I WONDER how many elected politicians, captains of industry, financiers, opinion pundits, media stars and others vicariously engaging in opinion forming understand the difference between climate and weather, or how those two environmental influences interact […]
UNTIL its end, when titles proclaim an unexpected purpose, Taylor Sheridan’s second feature as director seems to be essentially a well-crafted outdoor actioner. “Wind River” is a subtly-stated homage to the only definable group of people not separately specified in the US Census – Native American women.
Utah Fish and Wildlife Service ranger Cory (Jeremy Renner) assigned to deal with a cattle-killing lion (common name for a cougar) discovers the body of a young native American woman halfway up a snow-covered mountain range.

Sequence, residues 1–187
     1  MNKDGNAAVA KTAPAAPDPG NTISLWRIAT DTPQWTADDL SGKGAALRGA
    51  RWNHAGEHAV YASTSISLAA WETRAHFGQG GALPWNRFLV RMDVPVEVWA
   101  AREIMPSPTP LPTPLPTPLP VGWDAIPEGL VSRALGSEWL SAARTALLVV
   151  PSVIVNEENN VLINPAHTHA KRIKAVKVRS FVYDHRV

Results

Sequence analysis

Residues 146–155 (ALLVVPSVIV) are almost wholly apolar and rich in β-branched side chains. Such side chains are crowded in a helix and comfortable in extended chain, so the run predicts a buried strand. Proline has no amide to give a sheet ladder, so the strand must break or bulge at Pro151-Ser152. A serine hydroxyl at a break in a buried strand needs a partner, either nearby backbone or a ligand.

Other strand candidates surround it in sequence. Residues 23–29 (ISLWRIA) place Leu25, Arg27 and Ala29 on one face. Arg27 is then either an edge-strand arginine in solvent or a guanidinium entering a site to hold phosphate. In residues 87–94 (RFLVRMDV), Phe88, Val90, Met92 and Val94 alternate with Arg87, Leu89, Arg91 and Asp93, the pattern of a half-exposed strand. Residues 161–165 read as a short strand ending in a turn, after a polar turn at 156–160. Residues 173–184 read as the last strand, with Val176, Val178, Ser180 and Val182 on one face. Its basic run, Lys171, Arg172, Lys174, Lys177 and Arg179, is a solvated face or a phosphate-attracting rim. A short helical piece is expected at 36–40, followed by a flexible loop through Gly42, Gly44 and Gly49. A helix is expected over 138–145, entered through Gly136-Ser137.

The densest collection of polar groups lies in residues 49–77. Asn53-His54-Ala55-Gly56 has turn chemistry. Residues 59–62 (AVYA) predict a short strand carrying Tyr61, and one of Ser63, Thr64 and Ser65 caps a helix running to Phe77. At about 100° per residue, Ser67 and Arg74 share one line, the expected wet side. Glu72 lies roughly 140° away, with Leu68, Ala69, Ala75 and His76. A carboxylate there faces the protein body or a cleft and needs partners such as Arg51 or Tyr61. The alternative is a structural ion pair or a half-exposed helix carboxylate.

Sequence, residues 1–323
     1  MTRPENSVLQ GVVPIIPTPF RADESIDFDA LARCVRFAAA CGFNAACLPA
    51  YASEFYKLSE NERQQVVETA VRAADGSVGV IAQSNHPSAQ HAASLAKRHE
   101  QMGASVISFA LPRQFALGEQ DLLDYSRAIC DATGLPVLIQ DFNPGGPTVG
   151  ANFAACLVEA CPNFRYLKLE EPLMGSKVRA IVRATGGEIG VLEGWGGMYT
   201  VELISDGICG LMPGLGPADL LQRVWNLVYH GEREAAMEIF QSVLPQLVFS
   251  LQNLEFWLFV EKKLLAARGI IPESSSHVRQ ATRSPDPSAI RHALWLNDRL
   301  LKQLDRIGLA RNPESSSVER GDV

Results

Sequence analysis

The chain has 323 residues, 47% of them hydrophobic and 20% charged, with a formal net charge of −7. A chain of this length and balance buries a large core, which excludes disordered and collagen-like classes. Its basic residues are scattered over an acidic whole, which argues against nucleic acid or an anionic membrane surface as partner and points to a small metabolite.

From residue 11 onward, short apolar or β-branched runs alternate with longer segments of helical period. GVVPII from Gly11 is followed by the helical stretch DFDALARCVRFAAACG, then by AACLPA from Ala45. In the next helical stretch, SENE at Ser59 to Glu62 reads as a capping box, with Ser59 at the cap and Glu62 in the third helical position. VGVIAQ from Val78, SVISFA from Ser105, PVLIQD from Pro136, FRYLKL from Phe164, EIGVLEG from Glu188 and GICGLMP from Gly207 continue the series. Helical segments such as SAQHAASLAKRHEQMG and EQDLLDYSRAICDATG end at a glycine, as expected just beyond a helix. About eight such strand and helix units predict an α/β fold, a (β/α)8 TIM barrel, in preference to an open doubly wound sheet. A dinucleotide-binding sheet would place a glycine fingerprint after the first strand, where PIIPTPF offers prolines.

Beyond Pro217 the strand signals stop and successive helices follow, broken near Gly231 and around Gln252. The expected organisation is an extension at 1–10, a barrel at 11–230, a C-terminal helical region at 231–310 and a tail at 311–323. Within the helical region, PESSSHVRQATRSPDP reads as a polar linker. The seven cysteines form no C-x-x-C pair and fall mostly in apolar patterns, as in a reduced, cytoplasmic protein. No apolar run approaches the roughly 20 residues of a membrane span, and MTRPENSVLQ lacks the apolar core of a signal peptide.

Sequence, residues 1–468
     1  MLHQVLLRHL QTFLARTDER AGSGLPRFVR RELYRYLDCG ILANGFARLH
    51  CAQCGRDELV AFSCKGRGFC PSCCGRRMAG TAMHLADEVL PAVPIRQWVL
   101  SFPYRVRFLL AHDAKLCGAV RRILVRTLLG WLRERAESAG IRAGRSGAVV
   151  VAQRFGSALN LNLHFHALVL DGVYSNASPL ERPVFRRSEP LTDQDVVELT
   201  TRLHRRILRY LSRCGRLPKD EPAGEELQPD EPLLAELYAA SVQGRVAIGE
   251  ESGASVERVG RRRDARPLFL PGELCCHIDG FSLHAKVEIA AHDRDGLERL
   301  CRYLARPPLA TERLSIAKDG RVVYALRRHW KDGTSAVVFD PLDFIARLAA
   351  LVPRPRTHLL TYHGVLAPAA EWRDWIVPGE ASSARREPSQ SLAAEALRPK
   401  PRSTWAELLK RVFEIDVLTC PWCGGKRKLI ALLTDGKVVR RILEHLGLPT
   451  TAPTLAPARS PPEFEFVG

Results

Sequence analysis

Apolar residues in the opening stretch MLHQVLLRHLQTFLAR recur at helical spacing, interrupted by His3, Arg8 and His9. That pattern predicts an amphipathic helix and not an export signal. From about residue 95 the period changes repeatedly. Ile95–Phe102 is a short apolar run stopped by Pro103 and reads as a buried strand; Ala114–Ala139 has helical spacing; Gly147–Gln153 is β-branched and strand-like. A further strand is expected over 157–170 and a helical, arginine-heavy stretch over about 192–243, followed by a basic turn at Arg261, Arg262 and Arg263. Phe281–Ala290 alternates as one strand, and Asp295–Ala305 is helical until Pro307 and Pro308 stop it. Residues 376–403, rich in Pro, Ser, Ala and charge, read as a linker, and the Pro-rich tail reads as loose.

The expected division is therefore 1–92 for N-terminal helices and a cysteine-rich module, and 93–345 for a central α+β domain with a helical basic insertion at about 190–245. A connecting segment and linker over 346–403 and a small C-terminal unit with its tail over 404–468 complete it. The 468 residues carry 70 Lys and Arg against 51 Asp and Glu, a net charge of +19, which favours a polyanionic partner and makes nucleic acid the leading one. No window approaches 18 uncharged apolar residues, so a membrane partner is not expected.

Several groups have an interest. The state police. The Bureau of Indian Affairs, because the body was found on the Wind River Indian Reservation. The FBI because it looks like murder in Federal jurisdiction. The local native American community. A bunch of oil exploration drillers, one of whom has been in a relationship with the victim.
Among all those groups, the only man with outdoor skills is Cory whose business is wildlife, not law enforcement. Jane (Elizabeth Olsen), the FBI agent on the case, is fresh out of basic training and, as becomes obvious, her depth.
One might quibble about several aspects of “Wind River” that invite closer examination, but they don’t greatly diminish its ability to make an impact even before those titles reveal its underlying intention. It’s intelligent, well-performed and dramatically cohesive, far better value than any fantasy drama based on a so-called comic book hero.